Environments are a critical factor to determine and enable student success in schools today – and design is the key component. Design not only influences the physical set-up of the school, but also has the ability to create the mood, enhance learning potential, foster productivity and contribute to the overall success of the students.
So, what if we approach design differently? What if we approach it as collaboration, a partnership between designers, educators and students?
Many schools, facilities and designers currently take this approach and are having phenomenal success.
Designing for a sense of community.
Students’ needs from the community change as they progress through the education system. As students mature, there tends to be less connectedness making it more critical to use the education space to help facilitate personal connection and support.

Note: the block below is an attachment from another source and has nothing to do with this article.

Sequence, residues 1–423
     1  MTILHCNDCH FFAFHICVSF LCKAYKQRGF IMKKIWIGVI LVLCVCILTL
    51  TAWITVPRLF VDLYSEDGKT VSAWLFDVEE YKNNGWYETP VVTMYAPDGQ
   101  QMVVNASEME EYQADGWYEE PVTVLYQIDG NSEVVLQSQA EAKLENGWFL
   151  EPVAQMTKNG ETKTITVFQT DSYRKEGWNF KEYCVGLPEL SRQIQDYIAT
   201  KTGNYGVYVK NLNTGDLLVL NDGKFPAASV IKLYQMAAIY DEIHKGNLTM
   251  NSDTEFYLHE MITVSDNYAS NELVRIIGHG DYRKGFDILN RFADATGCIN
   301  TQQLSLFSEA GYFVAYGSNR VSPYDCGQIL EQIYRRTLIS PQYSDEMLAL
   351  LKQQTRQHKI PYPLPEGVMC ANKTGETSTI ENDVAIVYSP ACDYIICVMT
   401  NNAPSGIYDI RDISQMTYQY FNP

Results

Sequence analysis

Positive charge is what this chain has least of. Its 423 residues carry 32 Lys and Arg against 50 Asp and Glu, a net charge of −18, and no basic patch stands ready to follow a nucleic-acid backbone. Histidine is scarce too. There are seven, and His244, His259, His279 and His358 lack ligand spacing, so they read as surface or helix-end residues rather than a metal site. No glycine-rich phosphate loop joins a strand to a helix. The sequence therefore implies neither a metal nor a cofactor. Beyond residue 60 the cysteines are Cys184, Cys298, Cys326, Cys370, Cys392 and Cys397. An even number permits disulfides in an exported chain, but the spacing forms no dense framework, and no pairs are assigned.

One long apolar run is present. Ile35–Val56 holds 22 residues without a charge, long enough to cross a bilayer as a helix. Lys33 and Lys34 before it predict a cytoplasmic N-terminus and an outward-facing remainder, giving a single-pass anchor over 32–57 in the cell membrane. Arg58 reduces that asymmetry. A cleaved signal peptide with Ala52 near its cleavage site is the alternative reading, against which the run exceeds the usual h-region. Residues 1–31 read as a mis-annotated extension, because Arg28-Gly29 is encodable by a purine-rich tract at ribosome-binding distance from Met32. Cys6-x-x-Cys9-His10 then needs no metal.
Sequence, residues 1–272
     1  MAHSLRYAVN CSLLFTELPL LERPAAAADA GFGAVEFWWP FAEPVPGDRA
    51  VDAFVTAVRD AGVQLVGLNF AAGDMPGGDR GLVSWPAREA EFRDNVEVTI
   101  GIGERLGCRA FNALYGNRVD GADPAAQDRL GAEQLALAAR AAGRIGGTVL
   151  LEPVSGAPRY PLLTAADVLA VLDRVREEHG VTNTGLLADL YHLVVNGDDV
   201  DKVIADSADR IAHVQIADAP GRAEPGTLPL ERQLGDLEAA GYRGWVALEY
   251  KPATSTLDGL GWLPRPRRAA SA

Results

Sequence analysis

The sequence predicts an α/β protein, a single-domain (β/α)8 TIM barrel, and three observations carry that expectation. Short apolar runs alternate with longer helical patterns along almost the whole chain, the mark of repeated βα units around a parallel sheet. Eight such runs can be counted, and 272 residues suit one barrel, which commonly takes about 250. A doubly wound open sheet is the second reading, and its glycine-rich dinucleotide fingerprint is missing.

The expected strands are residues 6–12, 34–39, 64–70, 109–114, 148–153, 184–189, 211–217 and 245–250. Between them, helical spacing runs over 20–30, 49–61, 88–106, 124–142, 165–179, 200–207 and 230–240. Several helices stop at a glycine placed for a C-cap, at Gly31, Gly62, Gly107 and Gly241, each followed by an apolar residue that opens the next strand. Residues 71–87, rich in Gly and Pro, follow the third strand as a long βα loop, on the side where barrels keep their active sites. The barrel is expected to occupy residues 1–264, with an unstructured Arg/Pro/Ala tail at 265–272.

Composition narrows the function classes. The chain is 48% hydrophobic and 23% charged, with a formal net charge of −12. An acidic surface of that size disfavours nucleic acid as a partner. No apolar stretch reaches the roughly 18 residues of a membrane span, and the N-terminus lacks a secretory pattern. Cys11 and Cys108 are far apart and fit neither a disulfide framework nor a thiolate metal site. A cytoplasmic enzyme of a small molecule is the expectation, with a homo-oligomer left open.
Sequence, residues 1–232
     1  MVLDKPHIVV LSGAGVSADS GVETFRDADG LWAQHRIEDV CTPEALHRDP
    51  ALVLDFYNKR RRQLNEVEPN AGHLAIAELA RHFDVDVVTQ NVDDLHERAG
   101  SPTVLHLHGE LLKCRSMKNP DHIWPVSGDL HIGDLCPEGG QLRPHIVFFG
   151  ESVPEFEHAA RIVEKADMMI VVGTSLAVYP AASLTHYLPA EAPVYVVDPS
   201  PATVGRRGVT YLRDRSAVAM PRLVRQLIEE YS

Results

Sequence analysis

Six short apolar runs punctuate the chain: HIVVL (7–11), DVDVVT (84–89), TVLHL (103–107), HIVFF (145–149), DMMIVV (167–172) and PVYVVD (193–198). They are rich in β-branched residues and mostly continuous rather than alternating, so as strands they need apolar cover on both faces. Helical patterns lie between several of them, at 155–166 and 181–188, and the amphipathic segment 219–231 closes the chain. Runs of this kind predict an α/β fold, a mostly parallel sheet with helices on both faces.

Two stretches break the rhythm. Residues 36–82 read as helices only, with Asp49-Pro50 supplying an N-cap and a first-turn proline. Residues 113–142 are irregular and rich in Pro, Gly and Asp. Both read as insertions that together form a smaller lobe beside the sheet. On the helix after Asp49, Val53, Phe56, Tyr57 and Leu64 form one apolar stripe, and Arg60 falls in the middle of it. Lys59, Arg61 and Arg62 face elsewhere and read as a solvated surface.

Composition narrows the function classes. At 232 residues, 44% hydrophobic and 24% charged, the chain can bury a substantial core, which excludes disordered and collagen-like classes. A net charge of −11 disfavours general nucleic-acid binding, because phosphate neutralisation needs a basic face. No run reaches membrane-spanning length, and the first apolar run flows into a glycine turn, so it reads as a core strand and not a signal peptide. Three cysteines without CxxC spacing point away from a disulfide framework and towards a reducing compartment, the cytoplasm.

It is crucial to understand students’ needs at each stage of their education, and ensure that the school’s design and environment promote student success. When students, educators and the community are fully engaged in the design process, everyone enjoys a sense of ownership and pride with the final result.
Designing for collaboration and innovation.
Innovation is hard to measure. It looks different to every community and is a little unpredictable. Designers are often challenged to create a facility that leverages innovation and technology so that the building becomes a teaching tool itself. They want to create the right balance, so innovation and creativity are not capped by the physical environment.
Students grow up with a set of skills that will apply to some professions we haven’t envisioned yet. Both hands-on and technology-driven skills must be there. Every student should have a toolbox to use each day, and the ability and knowledge to choose the ideal tools. Where will they learn these skills if not in our community schools?
Innovation and community are both key components in setting kids up for success. Designs incorporating both will help enable our future generations.